Say It Loud!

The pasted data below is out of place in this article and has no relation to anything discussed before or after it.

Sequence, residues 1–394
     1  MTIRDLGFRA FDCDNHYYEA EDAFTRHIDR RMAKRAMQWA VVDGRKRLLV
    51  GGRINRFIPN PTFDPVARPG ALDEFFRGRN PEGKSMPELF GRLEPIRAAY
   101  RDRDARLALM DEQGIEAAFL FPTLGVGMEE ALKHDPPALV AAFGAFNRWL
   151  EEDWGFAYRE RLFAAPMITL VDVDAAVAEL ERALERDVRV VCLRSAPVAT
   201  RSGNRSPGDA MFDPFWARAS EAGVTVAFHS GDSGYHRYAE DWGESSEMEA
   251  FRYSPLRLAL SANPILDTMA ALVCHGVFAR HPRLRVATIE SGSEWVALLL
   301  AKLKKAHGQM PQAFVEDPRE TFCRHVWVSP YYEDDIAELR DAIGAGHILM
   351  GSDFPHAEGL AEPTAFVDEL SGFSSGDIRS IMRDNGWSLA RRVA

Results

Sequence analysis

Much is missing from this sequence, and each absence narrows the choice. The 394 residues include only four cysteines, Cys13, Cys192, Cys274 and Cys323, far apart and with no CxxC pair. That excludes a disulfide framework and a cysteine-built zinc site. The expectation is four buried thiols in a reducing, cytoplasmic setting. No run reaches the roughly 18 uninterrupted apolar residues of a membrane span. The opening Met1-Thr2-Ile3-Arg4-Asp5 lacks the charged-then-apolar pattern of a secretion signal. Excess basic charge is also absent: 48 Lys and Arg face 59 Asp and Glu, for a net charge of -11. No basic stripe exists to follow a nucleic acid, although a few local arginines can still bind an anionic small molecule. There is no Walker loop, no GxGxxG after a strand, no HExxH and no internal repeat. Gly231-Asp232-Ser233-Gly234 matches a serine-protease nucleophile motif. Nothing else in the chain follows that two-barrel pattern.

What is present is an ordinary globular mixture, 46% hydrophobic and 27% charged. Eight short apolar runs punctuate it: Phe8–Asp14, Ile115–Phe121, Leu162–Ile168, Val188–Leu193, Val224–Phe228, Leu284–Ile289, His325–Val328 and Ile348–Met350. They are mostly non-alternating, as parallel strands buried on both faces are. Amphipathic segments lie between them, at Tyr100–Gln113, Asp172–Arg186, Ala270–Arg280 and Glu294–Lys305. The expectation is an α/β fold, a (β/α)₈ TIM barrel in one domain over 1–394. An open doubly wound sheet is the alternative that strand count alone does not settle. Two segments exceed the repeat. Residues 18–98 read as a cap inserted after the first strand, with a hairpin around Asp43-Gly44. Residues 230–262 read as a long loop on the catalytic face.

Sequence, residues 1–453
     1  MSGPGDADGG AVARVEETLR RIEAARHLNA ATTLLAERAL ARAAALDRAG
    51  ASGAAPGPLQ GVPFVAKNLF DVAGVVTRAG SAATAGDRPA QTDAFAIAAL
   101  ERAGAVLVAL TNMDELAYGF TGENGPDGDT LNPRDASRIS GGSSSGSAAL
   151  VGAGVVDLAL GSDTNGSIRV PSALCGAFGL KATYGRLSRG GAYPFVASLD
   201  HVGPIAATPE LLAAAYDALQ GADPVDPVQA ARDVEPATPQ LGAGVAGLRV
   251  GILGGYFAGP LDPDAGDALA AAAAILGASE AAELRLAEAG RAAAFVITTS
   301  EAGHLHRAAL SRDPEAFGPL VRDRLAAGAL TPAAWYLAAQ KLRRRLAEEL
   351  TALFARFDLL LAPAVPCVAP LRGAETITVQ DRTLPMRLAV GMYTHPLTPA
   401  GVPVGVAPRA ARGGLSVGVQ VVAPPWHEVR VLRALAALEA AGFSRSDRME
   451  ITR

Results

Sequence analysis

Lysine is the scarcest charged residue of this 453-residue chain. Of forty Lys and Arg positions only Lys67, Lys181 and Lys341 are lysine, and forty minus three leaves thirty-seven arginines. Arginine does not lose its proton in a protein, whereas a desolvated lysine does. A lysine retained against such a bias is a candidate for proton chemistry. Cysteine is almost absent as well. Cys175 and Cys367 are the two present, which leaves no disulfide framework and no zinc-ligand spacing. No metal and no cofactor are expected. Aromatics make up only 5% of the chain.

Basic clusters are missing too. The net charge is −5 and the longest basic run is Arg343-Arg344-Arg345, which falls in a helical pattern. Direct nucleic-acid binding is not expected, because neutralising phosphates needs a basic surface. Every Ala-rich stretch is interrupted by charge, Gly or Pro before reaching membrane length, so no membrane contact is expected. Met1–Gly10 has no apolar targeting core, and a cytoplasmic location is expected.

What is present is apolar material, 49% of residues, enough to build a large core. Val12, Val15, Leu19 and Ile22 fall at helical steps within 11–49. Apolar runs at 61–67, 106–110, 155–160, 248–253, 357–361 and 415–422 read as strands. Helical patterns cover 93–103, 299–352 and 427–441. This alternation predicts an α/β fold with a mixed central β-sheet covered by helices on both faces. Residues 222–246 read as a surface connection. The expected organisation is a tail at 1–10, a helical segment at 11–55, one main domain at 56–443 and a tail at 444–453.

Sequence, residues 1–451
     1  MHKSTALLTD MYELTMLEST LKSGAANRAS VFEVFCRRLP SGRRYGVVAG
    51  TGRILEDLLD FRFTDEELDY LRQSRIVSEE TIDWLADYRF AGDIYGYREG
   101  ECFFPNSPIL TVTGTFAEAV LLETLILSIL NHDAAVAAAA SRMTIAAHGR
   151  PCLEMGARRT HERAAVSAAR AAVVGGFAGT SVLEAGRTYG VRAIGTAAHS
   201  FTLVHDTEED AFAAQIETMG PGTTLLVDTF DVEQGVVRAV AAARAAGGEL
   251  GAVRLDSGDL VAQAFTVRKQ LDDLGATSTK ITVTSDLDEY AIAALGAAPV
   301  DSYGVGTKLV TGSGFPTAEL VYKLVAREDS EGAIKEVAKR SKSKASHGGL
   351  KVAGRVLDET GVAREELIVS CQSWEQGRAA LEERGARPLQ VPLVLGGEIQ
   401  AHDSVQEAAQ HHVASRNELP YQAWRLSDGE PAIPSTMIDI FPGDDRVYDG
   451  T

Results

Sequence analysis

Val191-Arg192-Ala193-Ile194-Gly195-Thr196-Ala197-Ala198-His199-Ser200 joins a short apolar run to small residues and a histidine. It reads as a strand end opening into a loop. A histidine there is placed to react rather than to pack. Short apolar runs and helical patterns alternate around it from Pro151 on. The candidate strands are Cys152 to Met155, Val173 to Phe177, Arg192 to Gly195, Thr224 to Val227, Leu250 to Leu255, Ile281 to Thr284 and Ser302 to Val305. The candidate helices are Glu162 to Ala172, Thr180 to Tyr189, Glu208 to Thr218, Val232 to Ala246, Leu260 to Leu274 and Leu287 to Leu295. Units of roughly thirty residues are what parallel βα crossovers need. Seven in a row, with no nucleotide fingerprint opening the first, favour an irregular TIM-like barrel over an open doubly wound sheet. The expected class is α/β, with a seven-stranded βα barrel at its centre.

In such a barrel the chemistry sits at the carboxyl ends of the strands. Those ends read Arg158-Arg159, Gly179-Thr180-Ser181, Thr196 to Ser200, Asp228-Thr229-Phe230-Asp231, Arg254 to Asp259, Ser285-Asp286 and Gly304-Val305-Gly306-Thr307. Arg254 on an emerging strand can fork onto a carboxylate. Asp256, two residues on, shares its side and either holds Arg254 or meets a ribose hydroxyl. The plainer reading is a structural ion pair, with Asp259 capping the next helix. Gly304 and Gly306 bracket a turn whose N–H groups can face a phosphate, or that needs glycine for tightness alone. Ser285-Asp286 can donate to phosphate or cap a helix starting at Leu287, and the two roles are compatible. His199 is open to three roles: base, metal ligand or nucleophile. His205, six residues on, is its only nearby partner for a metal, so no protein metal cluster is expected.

Uncle Sam's Cabin beat me to the punch. I've been planning to write about Blackness for a good little while now, but I've been trying to think about what I wanted to say. For the last couple of weeks, I've been wishing there could be some kinda brain typer that lets your thoughts go straight from brain to computer, where you can then edit them into some type of coherence. Come to think of it, it would hot to see what people are thinking as they think it. Not for the purpose of being nosy, but just to look at the way people think. For instance, I believe that some people think in words while some other people think in pictures. Then too, I think it's just wild to see what stimulus triggers what thought. But I'm getting way off topic. Sam writes, "Blacks in the Americas have a new heritage born on the shores to the New World. To ignore it while pining over what was left behind in Africa generations ago is a dishonor to those who survived and thrived in the New World." Word. Now I'm 'bout to add some. W.E.B. DuBois wrote about what he called "double consciousness" 100 years ago. A hundred. Think about that for a minute. One hundred years. Sadly, many chapters in Souls of Black Folk are still relavant today. (Anybody who hasn't read it needs to leave this page and hop down to the used book store and get a copy. You don't hafta agree with everything he said, but you should at least have read it to know what you do or don't agree with.) Most problematic is that notion of double-consciousness. I, however, don't see it as many black Conservatives do. I don't think it's an anachronism to recognize the difference between my Blackness and the fact that I'm American. I don't think they're necessarily incongruent, and really, I don't even think they're all that different in concept. Black people who demand that other Blacks "toe the line" are actually no different than various factions who seem to believe that in order to be a real American one must espouse certain ideals or forgo any other identity. It's the same stuff. The ideologies may sound radically different, but it's really the same demand. "Give up that other business and take your place among us, your real people." That's why so much of what I hear and read gets on my nerves, people don't even recognize that they're saying the exact same thing they're ridiculing other people from saying. Some of the same people who say that Black people embrace their Blackness to the exclusion of their Americanness are just as busy embracing their American identity while trying to distance themselves from their Blackness. What is an American? Is it somebody who flies the flag? Is it somebody who thinks everything America does is right? Am I not a "real" American if I question the war in Iraq? (Just to pick an issue.) If I think all that God talk in the country's founding documents is just talk and had no relavance to the way people actually lived, then what? Would I be less of an American if I used a hyphen? Of course not. Some people might think so, but who are they to tell me that I'm not American? It reminds me of an exchange between Archie and Meathead on All In The Family. If I remember correctly, they were arguing about the war in Vietnam, when Archie broke out singing "God Bless America." Meathead was trying to talk over him, explaining how he protested, not because he hated America, but because he loved it; because he wanted to see America live up to its ideals. I think this is the unfortunate point we're getting to now. For some people, the only way to love America and therefore be a real American is to cosign on anything America does...as long as your party dictated it. Same thing goes for Blackness. What is Blackness? I know what "black" skin looks like...sort of. I think Jason Kidd is "black," but I'm not sure. I know some Italian cats darker than him. My usual litmus test is Jet magazine. If a person shows up in Jet, then he or she must be Black or at least black. Of course, melanin can't be the only determinant. There's some Indians out there blacker than me, (and that ain't all that easy to be) but that doesn't mean they're Black. They're just dark. So what other phenotypes can we plug in? Big nose? Full lips? Other "racial" groups have that. Nappy hair? Well, that's fairly unique, but is the ability to grow an Afro the only determining factor? That's pretty shaky. It's obviously not just physical. On "Welcome To The Terrordome," Chuck D said, "Every brother ain't a brother/cuz a black hand squeezed on Malcom X the man." So what's Black? Well, even as I'm saying that Blackness isn't just physical, it's obviously a big part of it. Otherwise, why fuss at/about Clarence Thomas? Many people who claim Black would deny that to Justice Thomas, but I don't hear those people talking about how Black Justice Scalia ain't. So this example leads us to the idea that Blackness has something to do with political ideology. But what? Is it solidarity for solidarity's sake? "Black people" think such-and-such, so I think it?" That makes no sense. At this point, we've pretty much moved past skin color as a divisive factor in the Black community. Not all the way, of course, but we don't deny light-skinned people their Blackness. Nowadays, the paper bag test is political or ideological, I guess. If a person doesn't see their connection to other Black people, or if they don't believe in some litmus test policy (Affirmative Action, anyone?), then they're not really Black. That's why black Conservatives get branded as race-traitors or whatever. Which is, of course, retarded. Just because a person doesn't believe in Affirmative Action doesn't mean they don't have Black people's best interests at heart. I know a couple friends of mine, pro-Black to the core, think that Affirmative Action has generally outlived its usefulness. So what, are they not Black because of it? Then there's the cultural element. This is probably the most liquid of all the definitions, because whatever "Black" culture is is quickly soaked into "American" culture. Really, they're indistinguishable from each other. "...the popular music that all Americans cherish, sing, and dance to today would not exist of Africans had not been brought to this country," John McWhorter writes in Authentically Black. A person doesn't hafta be Black to talk "black" or even better yet, sing "black." Ever heard of Teena Marie? Or to give a personal example, I remember when Lisa Stansfield first came out with "All Around The World," it didn't even occur to me that she might not be Black. A couple times, my mom and I tried to figure out her complexion, weight, and hairstyle. Needless to say, when I finally saw the video I was dumbfounded. Yet, we wouldn't call Lisa Stansfield or Teena Marie Black because they can sang. So what's the deal, then? I guess the first level of Blackness is some measure vis a vis physical appearance. Not that any of that is valid, of course. I'm not really critiquing it yet, I'm just trying to break it down into something manageable. Next time (next time I write about this, not next time I write) I'll see what's the deal with "wanting to be white." Is there really such a thing, and if so, what are the symptoms?